• by srjh (1316705) on Thursday October 15, 2009 @10:36AM (#29757205)

    I wonder if this has more to do with the Twitter effect (see Brüno) than stopping piracy.

    It seems rather implausible (to be generous) that someone would try to illegally film a movie using a crappy webcam on your average laptop (particularly if they manage to do it with the laptop in the bag). If you think about how a laptop is likely to hurt them financially, the reason should be pretty clear.

  • Seriously? (Score:3, Interesting)

    by thisnamestoolong (1584383) on Thursday October 15, 2009 @10:37AM (#29757215)
    Aside from the obvious absurdity of someone trying to record a movie with their laptop -- how much of a problem are off-screen recordings for the movie industry? I may be naive -- but I really have a hard time imagining someone saying -- "I was gonna go see this movie in the theater, but I have a copy that someone recorded with a video camera in the theater! This is just as good! Now I don't need to go see it!"

    Am I missing something here, or are these anti-piracy groups really that dense?
    • Re:Seriously? (Score:4, Insightful)

      by Attila Dimedici (1036002) on Thursday October 15, 2009 @12:11PM (#29758559)

      Aside from the obvious absurdity of someone trying to record a movie with their laptop -- how much of a problem are off-screen recordings for the movie industry? I may be naive -- but I really have a hard time imagining someone saying -- "I was gonna go see this movie in the theater, but I have a copy that someone recorded with a video camera in the theater! This is just as good! Now I don't need to go see it!" Am I missing something here, or are these anti-piracy groups really that dense?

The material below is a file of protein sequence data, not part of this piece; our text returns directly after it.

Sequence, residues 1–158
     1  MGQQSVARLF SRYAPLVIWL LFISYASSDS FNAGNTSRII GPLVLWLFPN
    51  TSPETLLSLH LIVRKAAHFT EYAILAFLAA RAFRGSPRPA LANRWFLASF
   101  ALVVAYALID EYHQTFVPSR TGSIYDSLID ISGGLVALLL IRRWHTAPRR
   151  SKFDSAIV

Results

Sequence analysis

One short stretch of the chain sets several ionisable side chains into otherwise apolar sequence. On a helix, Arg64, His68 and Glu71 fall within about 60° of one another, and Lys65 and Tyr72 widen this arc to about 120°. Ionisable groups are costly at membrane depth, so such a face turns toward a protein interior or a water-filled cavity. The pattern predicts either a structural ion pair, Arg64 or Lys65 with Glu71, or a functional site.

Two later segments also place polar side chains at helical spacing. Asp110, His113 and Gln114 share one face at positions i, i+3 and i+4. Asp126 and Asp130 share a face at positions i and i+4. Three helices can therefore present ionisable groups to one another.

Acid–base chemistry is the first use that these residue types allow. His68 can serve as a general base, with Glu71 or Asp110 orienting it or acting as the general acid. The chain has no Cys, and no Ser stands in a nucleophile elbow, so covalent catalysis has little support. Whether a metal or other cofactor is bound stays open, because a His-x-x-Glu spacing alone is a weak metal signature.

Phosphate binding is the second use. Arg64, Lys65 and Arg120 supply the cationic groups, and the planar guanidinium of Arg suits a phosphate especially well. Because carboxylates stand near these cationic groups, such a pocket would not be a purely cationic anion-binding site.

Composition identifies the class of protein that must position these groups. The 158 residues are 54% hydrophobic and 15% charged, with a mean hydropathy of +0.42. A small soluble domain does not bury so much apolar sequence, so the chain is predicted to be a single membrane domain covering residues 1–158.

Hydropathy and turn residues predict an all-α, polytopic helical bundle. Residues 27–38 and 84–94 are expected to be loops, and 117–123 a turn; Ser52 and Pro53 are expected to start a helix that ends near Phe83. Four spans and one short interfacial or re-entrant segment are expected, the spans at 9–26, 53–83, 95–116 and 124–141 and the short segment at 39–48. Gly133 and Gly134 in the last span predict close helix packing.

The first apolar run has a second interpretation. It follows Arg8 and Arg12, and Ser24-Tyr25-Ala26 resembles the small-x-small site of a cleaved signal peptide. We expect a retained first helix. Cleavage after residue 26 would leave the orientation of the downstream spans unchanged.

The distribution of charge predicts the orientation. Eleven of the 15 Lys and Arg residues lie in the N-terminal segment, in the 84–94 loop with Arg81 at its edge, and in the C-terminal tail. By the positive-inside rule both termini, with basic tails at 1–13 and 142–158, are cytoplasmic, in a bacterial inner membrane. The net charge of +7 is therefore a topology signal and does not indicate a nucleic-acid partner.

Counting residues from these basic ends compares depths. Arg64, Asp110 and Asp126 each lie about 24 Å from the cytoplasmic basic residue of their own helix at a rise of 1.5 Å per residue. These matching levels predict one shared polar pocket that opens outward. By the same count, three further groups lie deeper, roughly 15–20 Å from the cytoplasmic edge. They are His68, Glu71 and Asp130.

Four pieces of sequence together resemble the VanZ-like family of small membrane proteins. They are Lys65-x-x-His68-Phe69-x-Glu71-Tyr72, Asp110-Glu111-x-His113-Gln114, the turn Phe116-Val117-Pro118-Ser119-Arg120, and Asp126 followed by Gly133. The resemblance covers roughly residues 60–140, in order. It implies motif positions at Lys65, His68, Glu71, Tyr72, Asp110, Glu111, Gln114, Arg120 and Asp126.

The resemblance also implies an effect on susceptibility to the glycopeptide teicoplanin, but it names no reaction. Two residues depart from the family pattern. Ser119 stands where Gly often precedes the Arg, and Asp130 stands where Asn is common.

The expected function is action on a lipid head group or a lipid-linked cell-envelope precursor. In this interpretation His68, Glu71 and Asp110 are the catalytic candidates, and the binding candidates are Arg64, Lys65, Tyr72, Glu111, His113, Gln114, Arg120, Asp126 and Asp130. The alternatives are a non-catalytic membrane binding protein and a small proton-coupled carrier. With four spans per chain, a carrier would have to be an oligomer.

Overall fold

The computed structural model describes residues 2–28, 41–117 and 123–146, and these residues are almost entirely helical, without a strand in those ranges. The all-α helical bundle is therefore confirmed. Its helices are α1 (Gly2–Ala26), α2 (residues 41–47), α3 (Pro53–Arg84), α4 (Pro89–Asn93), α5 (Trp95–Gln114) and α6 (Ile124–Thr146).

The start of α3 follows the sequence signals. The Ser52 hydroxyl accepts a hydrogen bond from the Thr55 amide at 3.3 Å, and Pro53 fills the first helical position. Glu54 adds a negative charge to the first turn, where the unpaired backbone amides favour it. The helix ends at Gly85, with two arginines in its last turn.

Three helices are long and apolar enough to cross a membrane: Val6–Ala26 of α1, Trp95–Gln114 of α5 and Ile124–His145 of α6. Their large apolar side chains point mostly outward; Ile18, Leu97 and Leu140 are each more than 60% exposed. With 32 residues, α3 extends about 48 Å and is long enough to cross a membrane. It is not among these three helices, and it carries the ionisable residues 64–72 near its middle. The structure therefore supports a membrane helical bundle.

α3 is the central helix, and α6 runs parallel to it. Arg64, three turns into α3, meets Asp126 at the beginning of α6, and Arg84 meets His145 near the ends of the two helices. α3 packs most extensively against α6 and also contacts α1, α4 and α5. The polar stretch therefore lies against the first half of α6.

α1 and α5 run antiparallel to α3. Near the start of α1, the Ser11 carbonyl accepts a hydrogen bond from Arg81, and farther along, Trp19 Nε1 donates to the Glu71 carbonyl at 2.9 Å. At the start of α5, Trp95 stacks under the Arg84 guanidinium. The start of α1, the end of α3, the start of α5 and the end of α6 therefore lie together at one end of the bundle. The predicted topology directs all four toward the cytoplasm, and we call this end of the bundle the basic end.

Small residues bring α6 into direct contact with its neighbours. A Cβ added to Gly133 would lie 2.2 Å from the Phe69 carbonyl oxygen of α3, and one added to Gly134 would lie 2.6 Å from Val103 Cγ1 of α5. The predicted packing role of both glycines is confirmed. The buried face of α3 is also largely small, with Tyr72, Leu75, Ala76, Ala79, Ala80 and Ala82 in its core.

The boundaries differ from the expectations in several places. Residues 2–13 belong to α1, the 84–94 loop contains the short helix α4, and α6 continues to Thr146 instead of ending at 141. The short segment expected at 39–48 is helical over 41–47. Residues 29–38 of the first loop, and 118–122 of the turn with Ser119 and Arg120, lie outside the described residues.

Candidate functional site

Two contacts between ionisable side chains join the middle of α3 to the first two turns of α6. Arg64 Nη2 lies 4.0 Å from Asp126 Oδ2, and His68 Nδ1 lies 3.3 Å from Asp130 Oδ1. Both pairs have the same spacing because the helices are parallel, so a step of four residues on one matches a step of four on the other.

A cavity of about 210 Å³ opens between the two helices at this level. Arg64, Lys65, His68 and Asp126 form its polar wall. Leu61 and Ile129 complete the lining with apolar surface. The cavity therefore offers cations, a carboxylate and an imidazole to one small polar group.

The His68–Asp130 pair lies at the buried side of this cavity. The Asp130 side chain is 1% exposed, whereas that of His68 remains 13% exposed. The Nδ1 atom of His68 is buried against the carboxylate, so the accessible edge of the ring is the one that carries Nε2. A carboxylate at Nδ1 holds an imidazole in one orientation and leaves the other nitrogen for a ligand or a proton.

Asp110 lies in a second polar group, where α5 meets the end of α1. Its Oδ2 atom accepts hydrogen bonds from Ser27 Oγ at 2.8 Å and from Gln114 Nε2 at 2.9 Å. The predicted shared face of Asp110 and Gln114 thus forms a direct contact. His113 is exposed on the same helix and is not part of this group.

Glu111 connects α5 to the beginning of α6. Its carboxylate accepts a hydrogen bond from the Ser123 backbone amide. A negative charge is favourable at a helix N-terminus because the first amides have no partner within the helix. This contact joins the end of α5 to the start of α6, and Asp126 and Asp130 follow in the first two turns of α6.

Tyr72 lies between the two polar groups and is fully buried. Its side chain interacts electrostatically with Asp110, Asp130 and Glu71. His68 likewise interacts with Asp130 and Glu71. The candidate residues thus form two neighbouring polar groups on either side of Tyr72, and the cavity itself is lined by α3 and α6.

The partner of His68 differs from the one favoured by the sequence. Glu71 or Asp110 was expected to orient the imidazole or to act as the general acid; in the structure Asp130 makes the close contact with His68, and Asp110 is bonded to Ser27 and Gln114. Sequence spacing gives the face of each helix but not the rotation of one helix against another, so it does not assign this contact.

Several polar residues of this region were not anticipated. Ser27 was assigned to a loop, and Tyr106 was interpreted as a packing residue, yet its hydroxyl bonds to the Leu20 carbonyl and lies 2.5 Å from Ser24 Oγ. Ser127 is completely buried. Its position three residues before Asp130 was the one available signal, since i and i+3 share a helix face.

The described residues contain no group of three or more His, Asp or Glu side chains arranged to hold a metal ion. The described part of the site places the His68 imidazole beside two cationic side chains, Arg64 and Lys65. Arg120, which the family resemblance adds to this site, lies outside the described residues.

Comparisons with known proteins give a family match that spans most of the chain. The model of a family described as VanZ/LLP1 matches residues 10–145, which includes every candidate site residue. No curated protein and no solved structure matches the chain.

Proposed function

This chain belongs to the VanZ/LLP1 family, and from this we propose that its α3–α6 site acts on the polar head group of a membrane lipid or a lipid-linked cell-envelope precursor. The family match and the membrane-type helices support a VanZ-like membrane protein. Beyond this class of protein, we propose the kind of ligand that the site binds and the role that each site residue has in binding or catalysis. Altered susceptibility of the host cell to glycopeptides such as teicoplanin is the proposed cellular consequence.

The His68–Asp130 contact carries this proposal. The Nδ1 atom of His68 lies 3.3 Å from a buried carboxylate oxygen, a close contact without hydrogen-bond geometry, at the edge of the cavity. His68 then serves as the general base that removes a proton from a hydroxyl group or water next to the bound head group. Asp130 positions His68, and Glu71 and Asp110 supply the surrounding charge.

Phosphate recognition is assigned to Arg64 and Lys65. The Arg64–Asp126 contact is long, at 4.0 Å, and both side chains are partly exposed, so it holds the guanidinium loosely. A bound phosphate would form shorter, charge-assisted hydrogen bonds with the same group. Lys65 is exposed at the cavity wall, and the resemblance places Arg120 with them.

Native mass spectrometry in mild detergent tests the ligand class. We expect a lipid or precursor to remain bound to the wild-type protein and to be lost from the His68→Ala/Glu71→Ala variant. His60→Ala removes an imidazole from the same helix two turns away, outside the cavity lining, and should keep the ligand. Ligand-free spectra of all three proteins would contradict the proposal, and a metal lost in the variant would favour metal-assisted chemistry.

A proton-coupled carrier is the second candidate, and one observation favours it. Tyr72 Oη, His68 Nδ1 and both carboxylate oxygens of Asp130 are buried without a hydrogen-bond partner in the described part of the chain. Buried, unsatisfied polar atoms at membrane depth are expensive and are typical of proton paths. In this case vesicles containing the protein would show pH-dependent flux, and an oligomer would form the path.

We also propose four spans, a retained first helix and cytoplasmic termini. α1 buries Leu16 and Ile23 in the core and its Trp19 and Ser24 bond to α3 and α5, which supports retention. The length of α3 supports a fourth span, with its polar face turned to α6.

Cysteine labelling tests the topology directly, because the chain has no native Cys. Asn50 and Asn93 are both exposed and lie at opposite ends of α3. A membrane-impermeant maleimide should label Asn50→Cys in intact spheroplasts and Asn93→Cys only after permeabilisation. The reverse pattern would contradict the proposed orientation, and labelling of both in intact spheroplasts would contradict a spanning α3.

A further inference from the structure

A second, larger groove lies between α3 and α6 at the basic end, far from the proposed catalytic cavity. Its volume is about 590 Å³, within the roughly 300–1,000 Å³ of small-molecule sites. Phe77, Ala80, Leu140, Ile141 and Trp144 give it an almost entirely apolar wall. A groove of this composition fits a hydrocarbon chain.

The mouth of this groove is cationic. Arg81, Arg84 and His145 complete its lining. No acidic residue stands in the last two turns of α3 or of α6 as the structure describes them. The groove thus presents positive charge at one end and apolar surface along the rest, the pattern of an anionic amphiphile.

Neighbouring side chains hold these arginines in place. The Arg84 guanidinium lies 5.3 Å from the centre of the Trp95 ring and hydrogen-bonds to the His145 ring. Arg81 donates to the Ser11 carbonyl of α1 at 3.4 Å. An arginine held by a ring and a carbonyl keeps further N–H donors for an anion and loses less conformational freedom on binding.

Actually what they are afraid of is: " I was gonna go see this movie in the theater, but I have a copy that someone recorded with a video camera in the theater and now I know it sucks! I'm not going to waste my time and money going to the theater to see it." (see also someone else's comment about twits tweeting how bad the movie is).

  • No laptops? I guess I'll just have to bring my desktop computer and CRT into the cinema, like the Impromptu Anywhere Starbucks prank.

  • Put your laptop in a backpack. It's safer from idiots and thiefs both. If it's a good one, it's healthier than a laptop bag slung over your shoulder. And it gets in the way far less often. (Just be sure not to put small valuables in it like your wallet, if they might easily be stolen without noticing the weight loss/fiddling, especially in noisy or busy environments.)

  • Yes the camera's that are built into laptops are usally pretty piss poor quality, but theres nothing stopping someone taking a USB video camera in as well. It wouldn't surprise me if there are a few tiny ones that record with good footage, and connected to a laptop, would have plenty of recording space unlike a cellphone which most won't have the room/power to store movie length footage